Searching a cluttered visual scene for a specific item of interest can take several seconds to perform if the target item is difficult to discriminate from surrounding items. Whether working memory processes are utilized to guide the path of attentional selection during such searches remains under debate. Previous studies have found evidence to support a role for spatial working memory in inefficient search, but the role of nonspatial working memory remains unclear. Here, we directly compared the role of spatial and nonspatial working memory for both an efficient and inefficient search task. In Experiment 1, we used a dual-task paradigm to investigate the effect of performing visual search within the retention interval of a spatial working memory task. Importantly, by incorporating two working memory loads (low and high) we were able to make comparisons between dual-task conditions, rather than between dual-task and single-task conditions. This design allows any interference effects observed to be attributed to changes in memory load, rather than to nonspecific effects related to "dual-task" performance. We found that the efficiency of the inefficient search task declined as spatial memory load increased, but that the efficient search task remained efficient. These results suggest that spatial memory plays an important role in inefficient but not efficient search. In Experiment 2, participants performed the same visual search tasks within the retention interval of visually matched spatial and verbal working memory tasks. Critically, we found comparable dual-task interference between inefficient search and both the spatial and nonspatial working memory tasks, indicating that inefficient search recruits working memory processes common to both domains.
Elaine J Anderson; Sabira K Mannan; Geraint Rees; Petroc Sumner; Christopher Kennard
In: Experimental Brain Research, vol. 200, no. 1, pp. 91–107, 2010.
Recent behavioural findings using dual-task paradigms demonstrate the importance of both spatial and non-spatial working memory processes in inefficient visual search (Anderson et al. in Exp Psychol 55:301-312, 2008). Here, using functional magnetic resonance imaging (fMRI), we sought to determine whether brain areas recruited during visual search are also involved in working memory. Using visually matched spatial and non-spatial working memory tasks, we confirmed previous behavioural findings that show significant dual-task interference effects occur when inefficient visual search is performed concurrently with either working memory task. Furthermore, we find considerable overlap in the cortical network activated by inefficient search and both working memory tasks. Our findings suggest that the interference effects observed behaviourally may have arisen from competition for cortical processes subserved by these overlapping regions. Drawing on previous findings (Anderson et al. in Exp Brain Res 180:289-302, 2007), we propose that the most likely anatomical locus for these interference effects is the inferior and middle frontal cortex of the right hemisphere. These areas are associated with attentional selection from memory as well as manipulation of information in memory, and we propose that the visual search and working memory tasks used here compete for common processing resources underlying these mechanisms.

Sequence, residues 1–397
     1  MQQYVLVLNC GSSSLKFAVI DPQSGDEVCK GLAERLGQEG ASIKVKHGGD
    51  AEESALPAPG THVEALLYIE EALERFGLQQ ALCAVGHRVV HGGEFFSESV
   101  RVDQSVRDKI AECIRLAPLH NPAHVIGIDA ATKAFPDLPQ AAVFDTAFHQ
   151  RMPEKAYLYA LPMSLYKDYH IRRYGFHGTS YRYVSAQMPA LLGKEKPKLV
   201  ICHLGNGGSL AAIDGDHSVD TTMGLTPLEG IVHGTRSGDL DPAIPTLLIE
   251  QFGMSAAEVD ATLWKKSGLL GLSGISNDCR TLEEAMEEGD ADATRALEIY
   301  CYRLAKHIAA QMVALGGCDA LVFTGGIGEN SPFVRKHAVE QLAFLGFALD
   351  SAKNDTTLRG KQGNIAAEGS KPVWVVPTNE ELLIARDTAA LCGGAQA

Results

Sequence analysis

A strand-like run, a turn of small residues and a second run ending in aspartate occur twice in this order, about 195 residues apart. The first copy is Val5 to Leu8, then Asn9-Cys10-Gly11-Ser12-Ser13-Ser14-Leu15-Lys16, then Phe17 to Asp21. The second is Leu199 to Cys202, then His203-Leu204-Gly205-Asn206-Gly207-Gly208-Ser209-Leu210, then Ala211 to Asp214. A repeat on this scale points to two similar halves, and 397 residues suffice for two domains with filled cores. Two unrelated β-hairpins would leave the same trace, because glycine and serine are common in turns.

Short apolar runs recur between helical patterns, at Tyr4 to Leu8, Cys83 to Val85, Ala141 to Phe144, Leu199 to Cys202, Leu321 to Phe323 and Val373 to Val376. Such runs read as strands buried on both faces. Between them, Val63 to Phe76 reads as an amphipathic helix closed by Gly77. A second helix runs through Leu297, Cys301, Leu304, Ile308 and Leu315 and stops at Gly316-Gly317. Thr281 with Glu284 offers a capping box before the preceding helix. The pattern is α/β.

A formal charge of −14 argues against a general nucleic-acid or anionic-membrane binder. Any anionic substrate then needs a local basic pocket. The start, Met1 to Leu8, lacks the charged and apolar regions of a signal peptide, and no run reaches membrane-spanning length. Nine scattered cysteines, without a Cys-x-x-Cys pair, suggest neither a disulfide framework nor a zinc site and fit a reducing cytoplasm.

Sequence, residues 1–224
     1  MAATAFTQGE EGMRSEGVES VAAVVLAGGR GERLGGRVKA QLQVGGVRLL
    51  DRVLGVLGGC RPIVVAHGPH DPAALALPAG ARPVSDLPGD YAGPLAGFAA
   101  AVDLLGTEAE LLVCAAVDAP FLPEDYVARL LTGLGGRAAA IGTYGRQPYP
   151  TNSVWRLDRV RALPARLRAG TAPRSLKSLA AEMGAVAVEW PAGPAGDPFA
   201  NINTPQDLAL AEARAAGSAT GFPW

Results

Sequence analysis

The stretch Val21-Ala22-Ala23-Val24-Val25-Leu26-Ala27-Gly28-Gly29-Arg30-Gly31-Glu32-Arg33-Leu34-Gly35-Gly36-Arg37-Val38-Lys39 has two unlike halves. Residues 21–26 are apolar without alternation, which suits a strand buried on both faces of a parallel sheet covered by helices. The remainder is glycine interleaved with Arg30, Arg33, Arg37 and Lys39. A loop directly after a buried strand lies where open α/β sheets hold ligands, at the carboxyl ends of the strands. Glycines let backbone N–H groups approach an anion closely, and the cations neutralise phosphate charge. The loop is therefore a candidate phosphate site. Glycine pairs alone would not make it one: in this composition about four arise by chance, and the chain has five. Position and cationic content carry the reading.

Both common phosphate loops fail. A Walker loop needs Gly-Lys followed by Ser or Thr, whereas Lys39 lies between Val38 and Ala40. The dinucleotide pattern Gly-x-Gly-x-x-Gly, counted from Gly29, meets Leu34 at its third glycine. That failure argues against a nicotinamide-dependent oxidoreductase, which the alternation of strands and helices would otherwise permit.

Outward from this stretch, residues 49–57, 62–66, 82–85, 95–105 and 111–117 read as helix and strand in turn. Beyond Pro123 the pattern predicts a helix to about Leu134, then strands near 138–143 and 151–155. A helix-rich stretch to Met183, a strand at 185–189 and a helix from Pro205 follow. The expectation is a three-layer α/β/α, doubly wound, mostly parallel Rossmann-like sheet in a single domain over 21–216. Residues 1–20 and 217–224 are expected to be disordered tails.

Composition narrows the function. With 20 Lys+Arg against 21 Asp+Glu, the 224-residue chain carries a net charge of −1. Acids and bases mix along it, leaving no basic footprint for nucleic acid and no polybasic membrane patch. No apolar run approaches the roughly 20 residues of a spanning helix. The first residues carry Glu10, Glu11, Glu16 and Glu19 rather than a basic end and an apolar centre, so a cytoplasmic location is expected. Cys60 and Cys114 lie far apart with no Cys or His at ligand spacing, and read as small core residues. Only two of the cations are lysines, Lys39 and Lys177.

Brian A Anderson; Steven Yantis
In: Attention, Perception, and Psychophysics, vol. 74, pp. 1644–1653, 2012.
Covert shifts of attention precede and direct overt eye movements to stimuli that are task relevant or physically salient. A growing body of evidence suggests that the learned value of perceptual stimuli strongly influences their attentional priority. For example, previously rewarded but otherwise irrelevant and inconspicuous stimuli capture covert attention involuntarily. It is unknown, however, whether stimuli also draw eye movements involuntarily as a consequence of their reward history. Here, we show that previously rewarded but currently task-irrelevant stimuli capture both attention and the eyes. Value-driven oculomotor capture was observed during unconstrained viewing, when neither eye movements nor fixations were required, and was strongly related to individual differences in visual working memory capacity. The appearance of a reward-associated stimulus came to evoke pupil dilation over the course of training, which provides physiological evidence that the stimuli that elicit value-driven capture come to serve as reward-predictive cues. These findings reveal a close coupling of value-driven attentional capture and eye movements that has broad implications for theories of attention and reward learning.